This weeks selection of books for our Story Book Summer are based on Fairy Tales – today I welcome Becky from Kids World Citizen an amazing multicultural mum and author to share a great fine motor lacing activity for kids based on the classic tale The Mitten.
Jan Brett is a brilliant author and illustrator, who uses travel as an inspiration for her children’s books. One aspect I love about her books is that she names a specific setting (in this case, Ukraine) and includes authentic details in the illustrations that reflect the culture represented. As you read the fairy tale to your child, point out the clothing, the house, and the landscape comparing and contrasting to your own clothing, house, and landscape. Some special meanings in The Mitten:
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- the water jug on the fence is a way to offer the people passing by a cool drink
- the stork on the roof is a sign of good luck
- the painting around the fireplace is typical in Ukrainian cottages, which used to be heated solely by the fire
As you pour over the pictures, you will be delighted to see the care she takes on each intricate picture.
This story is about a little boy, Nicki, who asks his grandma to knit him a white mitten. As he plays outside in the snow, he doesn’t realize he’s dropped it. One by one the forest animals crawl in to get warm: a mole, a rabbit, a badger, a fox, and more. After the huge brown bear squeezes in, a tiny mouse tries to find a space inside the crowded and stretched out mitten, leading to a humorous ending with them all tumbling out.
On her web site, Jan Brett has gracious provided these beautifully drawn animals as coloring sheets for her book. First, print out the sheet of animals, and have your child color them in and cut them out.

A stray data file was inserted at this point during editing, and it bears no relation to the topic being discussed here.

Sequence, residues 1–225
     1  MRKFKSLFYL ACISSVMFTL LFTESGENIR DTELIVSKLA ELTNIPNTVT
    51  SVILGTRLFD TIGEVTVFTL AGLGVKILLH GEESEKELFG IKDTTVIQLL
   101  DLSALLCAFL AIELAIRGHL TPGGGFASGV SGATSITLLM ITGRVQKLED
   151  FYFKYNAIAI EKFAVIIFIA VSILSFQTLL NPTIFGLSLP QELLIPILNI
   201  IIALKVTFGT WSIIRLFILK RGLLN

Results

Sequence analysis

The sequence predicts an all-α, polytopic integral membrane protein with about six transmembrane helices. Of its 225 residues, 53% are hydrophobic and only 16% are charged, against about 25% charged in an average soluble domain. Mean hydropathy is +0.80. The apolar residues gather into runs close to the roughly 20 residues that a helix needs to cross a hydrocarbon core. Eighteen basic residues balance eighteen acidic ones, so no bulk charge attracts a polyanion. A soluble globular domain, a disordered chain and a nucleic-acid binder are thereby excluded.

Next, my son drew a large mitten on a piece of poster board. He cut it out, and then traced it to make 2 separate sides of the mitten. Although the mitten in the book was snow white, he decided it would be better if it were painted green so it could get “lost” in our green grass.
Once the paint is dry, I helped him figure out the whole puncher and he punched holes around the edges (leaving the”wrist” area free of holes so the mitten could have an opening). Finally, he laced the mitten closed. He proudly retold the story again and again to his brothers and sisters stuffing his animal props into his very own mitten.
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Becky is the mom of 5 multicultural kids, an ESL teacher, author of The Global Education Toolkit for Elementary Learners and founder of KidWorldCitizen.org. She is passionate about activities that teach kids cultural and global awareness, and shares them on facebook andtwitter.